Aloun Farms
91-1440 Farrington HwyKapoleiOahu(808) 677-9516Website
Ho Farms
P.O. Box 569KahukuOahu
Kula Country Farms
375 Koheo RoadKulaMaui(808) 878-8381Website
Kupa‘a Organic Farms
P.O. Box 569KulaMaui(808) 876-0678Website
Milner Farm
Hale'iwa Oahu
Nalo Farms
41-574 Makakalo StreetWaimanaloOahu(808) 259-7698Website
Theng's Farm
Twin Bridge Farms
P. O. Box 31WaialuaOahu
Vilath Farm


KCC Saturday Farmers Market
4303 Diamond Head RdHonoluluOahu(808) 848-2074Website
Ala Moana Farmers' Market
1450 Ala Moana BoulevardHonoluluOahu(808) 388-9696Website
Honolulu Farmers' Market
Neil Blaisdell Center777 Ward AvenueHonoluluOahu(808) 848-2074Website
Kailua Farmers' Market
609 Kailua Road(Parking lot near Long's and Pier 1)KailuaOahu(808) 848-2074Website
Mililani Farmers' Market
Mililani High School95-1200 Meheula ParkwayMililaniOahu(808) 848-2074Website
Upcountry Farmers Market
Kulamalu Town Center55 Kiopaa StreetPukalani/KulaMauiWebsite
KCC @ Night Farmers' Market
Kapiolani Community College4303 Diamond Head RoadHonoluluOahu(808) 848-2074Website


The onion, also known as allium cepa, the common or round onion, bulb onion, is the most widely cultivated species of the Allium family (which also includes garlic, green onions, shallots, leeks). Common onions are available in three colors – white, yellow and red – all three are grown by farmers in Hawaii.  They are also divided into two categories: cooking and sweet.  Sweet onions lack the high sulfur content that is known to give cooking onions their volatile heat.

Sweet onion dominates onion growing in Hawaii.  The famous Maui Onion is a sweet variety, similar to Vidalia of Georgia fame, grown on the volcanic slopes of Haleakala on the island of Maui.  Sweet onions are also being grown in large quantities on the plains of Central Oahu, are known as Ewa Sweet.

The large, matured onion bulb is what is most commonly eaten.  Young onion plants harvested before bulbing starts are used whole like scallions or green onions, and have a stronger flavor that most green onions.  When an onions is harvested just after bulbing has begun but is not yet mature, it is known as summer onions.  Farmer Ken Milner and Ho Farms sometimes makes these available.

Onions are known contain chemical compounds with possible anti-inflammatory and antioxidant properties. Onions originally sought for their medicinal properties and used in many folk remedies.  They contain valuable flavonoids, most of which are concentrated in the outer layers, so keep those layers and intact as much as possible. Onions also contain a high concentration of polyphenols or phytonutrients, in particular quercetin.  What is remarkable is that when the onions are cooked in soups, the level of quercetin remains intact, but is transferred to the water.  There is wisdom in old recipes such as French Onion Soup!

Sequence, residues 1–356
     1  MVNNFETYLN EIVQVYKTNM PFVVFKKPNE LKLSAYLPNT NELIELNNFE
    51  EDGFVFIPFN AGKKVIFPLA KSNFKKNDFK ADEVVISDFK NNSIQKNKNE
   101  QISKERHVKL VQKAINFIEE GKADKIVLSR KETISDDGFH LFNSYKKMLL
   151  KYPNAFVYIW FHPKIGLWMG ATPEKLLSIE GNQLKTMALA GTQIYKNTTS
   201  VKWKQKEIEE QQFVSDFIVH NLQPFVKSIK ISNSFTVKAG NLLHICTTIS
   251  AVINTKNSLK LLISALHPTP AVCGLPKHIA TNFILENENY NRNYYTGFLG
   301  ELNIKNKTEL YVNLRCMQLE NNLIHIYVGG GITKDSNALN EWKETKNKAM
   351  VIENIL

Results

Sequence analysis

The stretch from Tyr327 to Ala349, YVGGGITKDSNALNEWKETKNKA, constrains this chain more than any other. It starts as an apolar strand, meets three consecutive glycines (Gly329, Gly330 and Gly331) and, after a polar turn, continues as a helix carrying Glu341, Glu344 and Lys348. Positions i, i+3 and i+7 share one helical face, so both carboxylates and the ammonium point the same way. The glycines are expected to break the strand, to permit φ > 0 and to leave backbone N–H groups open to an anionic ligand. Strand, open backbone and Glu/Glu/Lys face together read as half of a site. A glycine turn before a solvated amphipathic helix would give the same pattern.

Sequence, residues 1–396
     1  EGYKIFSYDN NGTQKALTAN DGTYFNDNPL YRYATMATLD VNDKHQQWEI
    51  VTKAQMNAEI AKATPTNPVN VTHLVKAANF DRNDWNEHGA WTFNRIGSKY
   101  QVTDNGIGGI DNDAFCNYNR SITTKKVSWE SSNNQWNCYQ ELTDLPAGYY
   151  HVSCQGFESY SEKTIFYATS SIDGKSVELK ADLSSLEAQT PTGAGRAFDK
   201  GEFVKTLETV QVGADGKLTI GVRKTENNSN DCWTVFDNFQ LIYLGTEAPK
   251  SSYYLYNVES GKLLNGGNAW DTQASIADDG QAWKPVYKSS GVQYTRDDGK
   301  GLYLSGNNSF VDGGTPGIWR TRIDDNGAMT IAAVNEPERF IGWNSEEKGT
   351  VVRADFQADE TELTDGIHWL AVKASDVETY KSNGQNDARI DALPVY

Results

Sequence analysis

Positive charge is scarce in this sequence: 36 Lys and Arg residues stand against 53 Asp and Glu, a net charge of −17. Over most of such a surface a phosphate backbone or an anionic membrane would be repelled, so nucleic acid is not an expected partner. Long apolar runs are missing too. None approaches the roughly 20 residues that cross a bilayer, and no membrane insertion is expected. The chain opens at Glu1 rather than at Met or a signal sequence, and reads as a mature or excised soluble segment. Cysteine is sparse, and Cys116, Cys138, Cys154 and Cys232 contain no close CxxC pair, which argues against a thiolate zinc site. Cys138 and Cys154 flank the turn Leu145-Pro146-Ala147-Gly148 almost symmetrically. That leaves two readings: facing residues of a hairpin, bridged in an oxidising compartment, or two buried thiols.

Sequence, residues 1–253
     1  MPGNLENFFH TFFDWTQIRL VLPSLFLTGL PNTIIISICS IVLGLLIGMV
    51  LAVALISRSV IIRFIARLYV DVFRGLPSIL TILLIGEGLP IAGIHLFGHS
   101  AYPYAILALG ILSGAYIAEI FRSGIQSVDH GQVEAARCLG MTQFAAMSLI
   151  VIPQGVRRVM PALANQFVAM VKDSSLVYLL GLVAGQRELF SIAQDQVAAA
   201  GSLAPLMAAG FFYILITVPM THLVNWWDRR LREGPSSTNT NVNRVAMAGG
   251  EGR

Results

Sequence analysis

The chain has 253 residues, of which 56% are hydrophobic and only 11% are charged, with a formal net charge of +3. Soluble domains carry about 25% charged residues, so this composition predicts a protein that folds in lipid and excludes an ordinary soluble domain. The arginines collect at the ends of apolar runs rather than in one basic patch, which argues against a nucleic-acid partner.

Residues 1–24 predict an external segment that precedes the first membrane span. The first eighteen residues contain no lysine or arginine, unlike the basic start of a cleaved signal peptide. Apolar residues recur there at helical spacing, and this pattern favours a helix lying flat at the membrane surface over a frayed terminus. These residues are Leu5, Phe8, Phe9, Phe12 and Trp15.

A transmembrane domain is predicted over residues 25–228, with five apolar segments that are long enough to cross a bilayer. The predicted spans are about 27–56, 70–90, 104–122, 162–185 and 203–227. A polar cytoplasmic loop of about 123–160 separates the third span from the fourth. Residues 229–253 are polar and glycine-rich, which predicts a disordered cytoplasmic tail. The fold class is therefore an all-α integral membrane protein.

Prepping and Eating Tips

– Always wash and dry your onions before cutting.

– Cut off top and root stems. Peel off outer layers of skin.

– Some onions produce eye irritating sulfenic acids a result of enzymatic activity when cells are broken as when the bulb is being cut into.  To lessen this effect, cut onions in a bowl of water, chill onions before cutting (as this lessens the effect, cut the root end last (that part has the most enzymes), or set a fan nearby to blow the onion fumes away from you while you are cutting.

– Onions can be eaten raw, thinly sliced and added to salads, sandwiches, or poke.  Raw they can be chopped to top off dishes or to lend flavor and crunch to salsas and other spreads.

– They can be grilled, sauteed, roasted, included in soups and stews, or even baked in savory pies.

– Let onions sit for up to five minutes after cutting to let enzymatic activity enhance nutritional content.

– Onions are very easy to pickle with chili peppers and/or limu.


Selecting and Storing Tips

Avoid onions that are sprouting or show signs of mold.  Soft spots or dark patches are signs of decay.

Onions are best kept in mesh bag, single layer, in well ventilated area, not in direct heat or sunlight, at room temperature – this can give cooking onions a shelf life of up to four weeks and sweet onions a shelf life of up to two weeks.  Wire hanging baskets are perfect for onions. Sweet onions may also be stored in the refrigerator, which can give them a shelf life of up to a month.  Also best to store cut onion pieces in sealed container in refrigerator for use in a few days.  Avoid storing onions in metal containers as this causes browning. Cooking onions can absorb odors from apples and pears. They can also draw moisture from vegetables they are stored with, so best to keep them seperated. review
rezepte mit proteinpulver

pillole x erezione